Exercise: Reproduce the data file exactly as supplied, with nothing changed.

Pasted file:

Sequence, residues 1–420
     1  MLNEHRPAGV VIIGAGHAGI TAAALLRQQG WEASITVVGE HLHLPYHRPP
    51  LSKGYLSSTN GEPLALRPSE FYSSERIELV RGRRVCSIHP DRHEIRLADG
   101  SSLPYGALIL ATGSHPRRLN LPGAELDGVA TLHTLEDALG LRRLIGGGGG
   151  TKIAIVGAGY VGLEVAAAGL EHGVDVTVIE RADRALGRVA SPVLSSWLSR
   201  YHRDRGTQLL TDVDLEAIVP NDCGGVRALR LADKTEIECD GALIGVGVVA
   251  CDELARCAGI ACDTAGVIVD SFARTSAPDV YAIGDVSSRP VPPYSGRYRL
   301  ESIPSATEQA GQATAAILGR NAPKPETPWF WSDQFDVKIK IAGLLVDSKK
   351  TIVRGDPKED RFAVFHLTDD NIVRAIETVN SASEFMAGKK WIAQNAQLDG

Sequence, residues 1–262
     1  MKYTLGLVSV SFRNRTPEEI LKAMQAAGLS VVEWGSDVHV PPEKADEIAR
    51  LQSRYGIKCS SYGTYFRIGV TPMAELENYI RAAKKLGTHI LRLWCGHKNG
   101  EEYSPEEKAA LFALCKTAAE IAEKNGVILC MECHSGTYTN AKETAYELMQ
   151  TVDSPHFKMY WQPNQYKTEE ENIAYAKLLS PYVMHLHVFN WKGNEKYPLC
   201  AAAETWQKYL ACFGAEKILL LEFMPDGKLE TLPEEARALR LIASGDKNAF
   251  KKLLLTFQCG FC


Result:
Sequence, residues 1–420
     1  MLNEHRPAGV VIIGAGHAGI TAAALLRQQG WEASITVVGE HLHLPYHRPP
    51  LSKGYLSSTN GEPLALRPSE FYSSERIELV RGRRVCSIHP DRHEIRLADG
   101  SSLPYGALIL ATGSHPRRLN LPGAELDGVA TLHTLEDALG LRRLIGGGGG
   151  TKIAIVGAGY VGLEVAAAGL EHGVDVTVIE RADRALGRVA SPVLSSWLSR
   201  YHRDRGTQLL TDVDLEAIVP NDCGGVRALR LADKTEIECD GALIGVGVVA
   251  CDELARCAGI ACDTAGVIVD SFARTSAPDV YAIGDVSSRP VPPYSGRYRL
   301  ESIPSATEQA GQATAAILGR NAPKPETPWF WSDQFDVKIK IAGLLVDSKK
   351  TIVRGDPKED RFAVFHLTDD NIVRAIETVN SASEFMAGKK WIAQNAQLDG

Sequence, residues 1–262
     1  MKYTLGLVSV SFRNRTPEEI LKAMQAAGLS VVEWGSDVHV PPEKADEIAR
    51  LQSRYGIKCS SYGTYFRIGV TPMAELENYI RAAKKLGTHI LRLWCGHKNG
   101  EEYSPEEKAA LFALCKTAAE IAEKNGVILC MECHSGTYTN AKETAYELMQ
   151  TVDSPHFKMY WQPNQYKTEE ENIAYAKLLS PYVMHLHVFN WKGNEKYPLC
   201  AAAETWQKYL ACFGAEKILL LEFMPDGKLE TLPEEARALR LIASGDKNAF
   251  KKLLLTFQCG FC